Since 2013, fast food restaurants have been making grand promises to reduce the amount of unhealthy food advertised for and offered to their younger patrons. McDonald’s vowed to remove their soda advertisements that were directed at children, and offer only water, milk or juice as part of their Happy Meals. KFC shortly followed suit, creating the Li’l Bucket Kids Meal, featuring green beans, applesauce and water. The following year, Subway joined in on the efforts, claiming changes to their kids’ menu would only feature items that reflect strong nutritional guidelines. Dairy Queen, Wendy’s and Burger King soon after made similar pledges to focus on healthier options for the kids. But how effective has this been?
As of 2016, none of the chains’ websites listed sugary or unhealthy drinks on their kids menu, adding one healthier drink option and one healthier side to the menu. “At least now there is an option to get something that’s lower in sugar and calories for your child than you could before,” said director of Marketing Initiatives at the Rudd Center, Jennifer Harris. “A lot of parents go to fast-food restaurants because it’s convenient, so if you’re going to do that, at least you can get something healthier for the [children].”
However, despite the more visible united front created online, there proved to be discrepancies in what these chains were offering at their storefronts. Only 8% of restaurant staff at Burger King and 22% at Wendy’s actually offered healthier sides for their kid’s meals. McDonald’s was more successful, with 100% of their staff offering healthier side options. However, Happy Meals always come with two sides, and french fries were typically added as the second option automatically.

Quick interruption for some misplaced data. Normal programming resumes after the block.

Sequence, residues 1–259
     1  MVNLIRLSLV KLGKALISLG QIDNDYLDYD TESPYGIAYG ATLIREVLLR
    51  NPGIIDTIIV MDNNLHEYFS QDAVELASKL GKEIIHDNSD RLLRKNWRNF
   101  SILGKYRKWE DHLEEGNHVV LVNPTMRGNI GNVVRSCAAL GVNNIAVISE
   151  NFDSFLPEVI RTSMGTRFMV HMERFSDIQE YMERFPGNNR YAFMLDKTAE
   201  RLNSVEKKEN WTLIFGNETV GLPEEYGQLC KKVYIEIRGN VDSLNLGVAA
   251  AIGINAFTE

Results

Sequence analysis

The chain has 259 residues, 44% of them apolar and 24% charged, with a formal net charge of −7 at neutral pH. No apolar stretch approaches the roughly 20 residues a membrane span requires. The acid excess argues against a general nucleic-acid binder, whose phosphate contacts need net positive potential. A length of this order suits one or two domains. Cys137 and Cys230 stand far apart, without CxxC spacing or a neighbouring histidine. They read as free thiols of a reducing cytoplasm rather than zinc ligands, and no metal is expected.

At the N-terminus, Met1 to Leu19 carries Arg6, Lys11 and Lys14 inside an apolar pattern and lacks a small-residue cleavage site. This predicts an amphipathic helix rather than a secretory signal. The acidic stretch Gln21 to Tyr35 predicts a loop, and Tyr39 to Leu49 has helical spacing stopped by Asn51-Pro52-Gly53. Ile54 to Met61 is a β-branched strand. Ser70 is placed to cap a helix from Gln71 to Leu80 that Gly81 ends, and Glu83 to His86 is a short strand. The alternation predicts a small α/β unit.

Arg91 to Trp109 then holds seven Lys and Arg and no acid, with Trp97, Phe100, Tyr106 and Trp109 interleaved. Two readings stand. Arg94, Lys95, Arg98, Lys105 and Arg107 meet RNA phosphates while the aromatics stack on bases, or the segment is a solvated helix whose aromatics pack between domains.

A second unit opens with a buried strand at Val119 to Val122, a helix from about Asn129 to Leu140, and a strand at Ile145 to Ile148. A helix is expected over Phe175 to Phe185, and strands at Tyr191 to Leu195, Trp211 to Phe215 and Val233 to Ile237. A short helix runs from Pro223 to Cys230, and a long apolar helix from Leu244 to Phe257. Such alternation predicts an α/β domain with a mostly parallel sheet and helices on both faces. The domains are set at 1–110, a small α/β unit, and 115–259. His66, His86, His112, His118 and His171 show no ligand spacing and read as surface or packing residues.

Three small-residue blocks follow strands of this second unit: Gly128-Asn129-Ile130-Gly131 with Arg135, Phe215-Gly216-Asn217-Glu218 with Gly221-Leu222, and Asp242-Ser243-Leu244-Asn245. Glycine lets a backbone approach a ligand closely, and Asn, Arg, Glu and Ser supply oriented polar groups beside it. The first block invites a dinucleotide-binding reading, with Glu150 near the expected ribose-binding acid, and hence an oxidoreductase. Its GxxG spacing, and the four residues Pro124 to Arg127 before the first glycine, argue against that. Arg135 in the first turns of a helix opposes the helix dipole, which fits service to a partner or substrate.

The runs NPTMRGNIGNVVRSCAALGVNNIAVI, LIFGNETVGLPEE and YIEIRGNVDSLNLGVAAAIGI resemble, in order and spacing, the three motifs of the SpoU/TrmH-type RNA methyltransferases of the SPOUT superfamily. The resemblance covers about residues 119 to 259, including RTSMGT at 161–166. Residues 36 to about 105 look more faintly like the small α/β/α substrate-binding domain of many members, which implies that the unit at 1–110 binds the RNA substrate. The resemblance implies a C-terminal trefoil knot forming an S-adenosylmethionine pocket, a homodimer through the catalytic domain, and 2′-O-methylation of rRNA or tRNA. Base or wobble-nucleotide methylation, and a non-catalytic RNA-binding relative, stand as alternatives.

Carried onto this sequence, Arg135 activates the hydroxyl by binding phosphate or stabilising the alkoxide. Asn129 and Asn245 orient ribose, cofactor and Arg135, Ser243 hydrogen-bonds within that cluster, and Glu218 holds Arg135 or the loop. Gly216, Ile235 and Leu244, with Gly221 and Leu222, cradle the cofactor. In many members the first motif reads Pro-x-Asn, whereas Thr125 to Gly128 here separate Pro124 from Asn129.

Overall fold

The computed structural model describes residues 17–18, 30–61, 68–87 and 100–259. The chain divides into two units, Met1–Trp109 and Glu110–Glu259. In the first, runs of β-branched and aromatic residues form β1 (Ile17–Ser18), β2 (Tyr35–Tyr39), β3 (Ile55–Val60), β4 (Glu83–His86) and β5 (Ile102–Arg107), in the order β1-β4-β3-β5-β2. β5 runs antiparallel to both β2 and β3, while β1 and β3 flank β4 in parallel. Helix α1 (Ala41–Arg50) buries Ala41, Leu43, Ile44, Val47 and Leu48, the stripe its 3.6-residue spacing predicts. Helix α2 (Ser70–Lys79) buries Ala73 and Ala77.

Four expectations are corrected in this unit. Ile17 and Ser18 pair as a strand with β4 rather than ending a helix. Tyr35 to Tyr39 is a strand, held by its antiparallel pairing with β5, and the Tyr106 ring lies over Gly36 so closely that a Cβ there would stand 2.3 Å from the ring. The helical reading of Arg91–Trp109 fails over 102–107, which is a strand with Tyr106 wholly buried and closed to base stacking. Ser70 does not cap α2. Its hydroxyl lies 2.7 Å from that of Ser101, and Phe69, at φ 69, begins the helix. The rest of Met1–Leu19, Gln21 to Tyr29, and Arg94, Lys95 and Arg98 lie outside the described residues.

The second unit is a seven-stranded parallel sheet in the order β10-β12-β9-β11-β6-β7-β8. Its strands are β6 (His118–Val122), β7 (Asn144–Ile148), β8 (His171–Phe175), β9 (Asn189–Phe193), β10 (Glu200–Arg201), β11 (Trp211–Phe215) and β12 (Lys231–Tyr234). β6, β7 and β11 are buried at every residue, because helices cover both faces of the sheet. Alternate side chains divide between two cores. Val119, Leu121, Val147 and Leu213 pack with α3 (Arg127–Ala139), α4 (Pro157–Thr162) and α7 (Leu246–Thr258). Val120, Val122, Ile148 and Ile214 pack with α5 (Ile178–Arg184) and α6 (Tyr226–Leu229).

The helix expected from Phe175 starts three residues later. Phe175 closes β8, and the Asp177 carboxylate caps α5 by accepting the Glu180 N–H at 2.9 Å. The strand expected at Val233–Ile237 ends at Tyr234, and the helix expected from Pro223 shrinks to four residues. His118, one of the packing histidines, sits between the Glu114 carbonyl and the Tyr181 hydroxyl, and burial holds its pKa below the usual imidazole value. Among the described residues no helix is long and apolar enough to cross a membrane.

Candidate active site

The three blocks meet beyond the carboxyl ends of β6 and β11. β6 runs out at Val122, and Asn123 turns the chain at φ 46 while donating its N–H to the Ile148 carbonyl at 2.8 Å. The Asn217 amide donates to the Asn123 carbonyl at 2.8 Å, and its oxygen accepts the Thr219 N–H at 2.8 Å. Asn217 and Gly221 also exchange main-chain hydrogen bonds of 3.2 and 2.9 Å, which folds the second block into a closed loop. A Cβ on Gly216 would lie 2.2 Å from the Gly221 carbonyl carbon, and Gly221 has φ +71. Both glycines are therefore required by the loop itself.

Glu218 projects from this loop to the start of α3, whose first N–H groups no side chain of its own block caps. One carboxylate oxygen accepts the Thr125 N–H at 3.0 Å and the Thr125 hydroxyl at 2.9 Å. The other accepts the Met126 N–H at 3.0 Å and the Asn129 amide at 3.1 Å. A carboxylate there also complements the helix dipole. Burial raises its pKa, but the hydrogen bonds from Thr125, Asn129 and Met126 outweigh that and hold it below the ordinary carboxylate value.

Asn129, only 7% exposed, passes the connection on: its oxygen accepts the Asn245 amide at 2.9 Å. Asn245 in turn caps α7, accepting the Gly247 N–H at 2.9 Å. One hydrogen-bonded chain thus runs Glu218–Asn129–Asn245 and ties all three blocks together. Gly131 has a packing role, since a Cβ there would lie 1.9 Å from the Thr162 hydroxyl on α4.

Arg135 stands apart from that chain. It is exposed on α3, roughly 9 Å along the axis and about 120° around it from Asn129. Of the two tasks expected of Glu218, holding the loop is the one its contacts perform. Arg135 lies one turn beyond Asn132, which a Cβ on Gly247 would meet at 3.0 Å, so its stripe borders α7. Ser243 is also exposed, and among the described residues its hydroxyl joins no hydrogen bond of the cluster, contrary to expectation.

“They have added the healthier options… but they are not really encouraging parents to purchase those options when they’re in the restaurants,” continued Harris. She believes that the healthier drink and side options should be the default in the kids’ menus, and unhealthy options should be kept off the menu.
In the years following these changes, the Rudd Center for Food Policy and Obesity at the University of Connecticut lead a study to test if these changes did, in fact, lead to improvement in children’s fast-food consumption. The study collected responses from anonymous caregivers to determine what choices were being made, despite the menu changes. The study found that only about half of the participants that bought kid’s meals for their family chose a healthier drink and/or side. These caregivers were much more likely to buy the healthier option for children aged 2-5 rather than those 6 or older, and female caregivers were more likely to select the healthier meal options than male caregivers.
It is suggested that offering the healthier options on the menu isn’t enough to lead someone to make that choice. Similar efforts that are put into marketing and recommending the unhealthy options should be made for the healthier choices as well. “Restaurants must improve the nutrition quality of all items offered in kids’ meals and do more to encourage selection of those healthier options inside the restaurant,” Harris said. “Simply removing soda from the kid’s meal menus will not reduce children’s consumption of other unhealthy fast-food menu items, and it may not increase selection of healthier drinks either.”
Being able to avoid fast food all together is a luxury not every family has. The time and cost efficiency make it an ideal quick meal that can satisfy your family without breaking the bank. However, the health and needs of our children are crucial — especially in a time where technological entertainment is on the rise, limiting the amount of exercise our kids get in their day-to-day lives. It is up to us as consumers to know the healthier options and select them, despite what may be advertised or recommended in the moment.